In part one I discussed the preparation of glaze tests. Here’s the results just in.
All of these had the same amount of yellow iron oxide added, to each of the 13 body mixes. As you can see I was not very committed to sieving and a large amount of speckle resulted.
A book of colours seems to bring me out in a major attack of ‘kid-in-a-sweetie-shop’ and for this first round of glaze testing I got completely swept up in all the lovely possibilities, resulting in a large number and wide range of tests. I ran out of tiles at one point so later mixes had to go onto experimental bisques.
The results of all this colour was two-fold. Firstly I realised that some of these glazes, which officially all needed a 1290 firing but were tested at 1260, actually worked fine at the lower temperature whilst others didnt. As I share a kiln there’s some incentive to stick with glazes that work at 1260 so that I can at least occasionally share firings with the others.
Secondly I realised that I had been blinded by temptation and hadnt really focussed on testing the types of colours I was most interested in. I’m not at all keen to work with blues – but tested several anyway. Nice – but a Waste of time!
I also found that one of my other glaze books did actually say whether or not things were food safe, as well as recylcing and commenting on recipies from a third book in my collection.
So, for round 2 I was much stricter about focussing on the types of colours I wanted to use, and testing promising sounding variants of these from the other two books. The results of these tests were sieved, and came out of the kiln this morning. Again some mixed results…
Quite a range from very shiny and almost transparent to very smooth matt that exaclty matches the colour of the clay, plus one wild crystalline one that is hardly white at all. I’m not totally wild about any of them, but the strongest contenders so far are these.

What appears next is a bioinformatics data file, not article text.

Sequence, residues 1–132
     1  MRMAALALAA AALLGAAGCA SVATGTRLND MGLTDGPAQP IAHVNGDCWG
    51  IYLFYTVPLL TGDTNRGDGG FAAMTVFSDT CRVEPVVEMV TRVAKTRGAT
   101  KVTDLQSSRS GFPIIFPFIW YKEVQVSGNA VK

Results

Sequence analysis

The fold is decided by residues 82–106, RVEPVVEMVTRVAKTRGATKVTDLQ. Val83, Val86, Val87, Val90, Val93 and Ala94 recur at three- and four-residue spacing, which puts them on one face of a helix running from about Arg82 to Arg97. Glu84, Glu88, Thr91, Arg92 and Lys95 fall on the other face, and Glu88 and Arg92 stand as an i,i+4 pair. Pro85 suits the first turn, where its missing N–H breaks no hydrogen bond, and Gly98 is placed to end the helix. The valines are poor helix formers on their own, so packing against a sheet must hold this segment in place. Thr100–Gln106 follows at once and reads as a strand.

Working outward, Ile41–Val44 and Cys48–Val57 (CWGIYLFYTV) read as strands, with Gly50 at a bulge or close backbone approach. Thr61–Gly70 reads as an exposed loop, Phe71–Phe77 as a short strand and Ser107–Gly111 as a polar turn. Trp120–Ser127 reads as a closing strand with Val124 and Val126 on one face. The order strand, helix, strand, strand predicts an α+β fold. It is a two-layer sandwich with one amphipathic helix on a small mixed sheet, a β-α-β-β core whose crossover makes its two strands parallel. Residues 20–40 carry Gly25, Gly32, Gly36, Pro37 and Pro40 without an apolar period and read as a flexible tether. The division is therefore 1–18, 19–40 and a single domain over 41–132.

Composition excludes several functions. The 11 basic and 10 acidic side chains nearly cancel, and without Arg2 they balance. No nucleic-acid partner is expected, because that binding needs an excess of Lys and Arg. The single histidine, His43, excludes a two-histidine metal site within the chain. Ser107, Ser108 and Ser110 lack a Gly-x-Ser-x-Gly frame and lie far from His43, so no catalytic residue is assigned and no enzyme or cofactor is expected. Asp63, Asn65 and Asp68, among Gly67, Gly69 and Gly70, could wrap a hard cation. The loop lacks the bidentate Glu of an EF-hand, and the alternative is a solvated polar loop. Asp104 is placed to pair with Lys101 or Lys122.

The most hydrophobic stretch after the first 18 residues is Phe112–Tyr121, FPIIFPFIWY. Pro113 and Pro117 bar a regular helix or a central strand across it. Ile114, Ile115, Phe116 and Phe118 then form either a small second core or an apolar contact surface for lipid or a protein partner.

I like a bit of speckle, but those on the left look a bit like grit rather than a speck of colour, and the one on the right has a slightly green tinge plus bubbles forming in the centre (which I think may be something to do with the firing?). I dont seem to be able to make any immediate decisions at the moment so I’m living them for a bit to see if one becomes the favourite.
These include a range of different bodies plus between 8-12% red iron oxide. I like having a black that is slightly warm, not too flat, and not made out of nasty toxic substances, so these are an improvement on the very flat black from round 1. So far the contenders are:
I was hoping for a softish jade green, and also tantalised by Emmanuel Cooper’s recipe for a copper glaze using silicon carbide to create an internal reduction and produce blood red (“if obtained” as he puts it). As you can see, red was not obtained. A couple I think may have been put on too thinly and turned out transparent with specks, and one became a nasty volcanic type texture for some reason I have not identified yet – presumeably some errant silicon carbide?
However, I did come up with this, not quite anything I had previously imagined, and not something that sounded super promising from the description in the book, but something I really like! It has a clear jade body with copper and black crystals at different depths and changes significantly depending on the thickness from shiny clear to matt black to the full blown colours. Great variations, depth and visual texture I think, so this one is definately in the mix.
This gives me a couple of shortlisted combinations that I will need to live with, and perhaps test together so see how they work in combination, literally overlapping to see what the chemistry does, but also adjacent to judge how much speckle one pot can happily carry…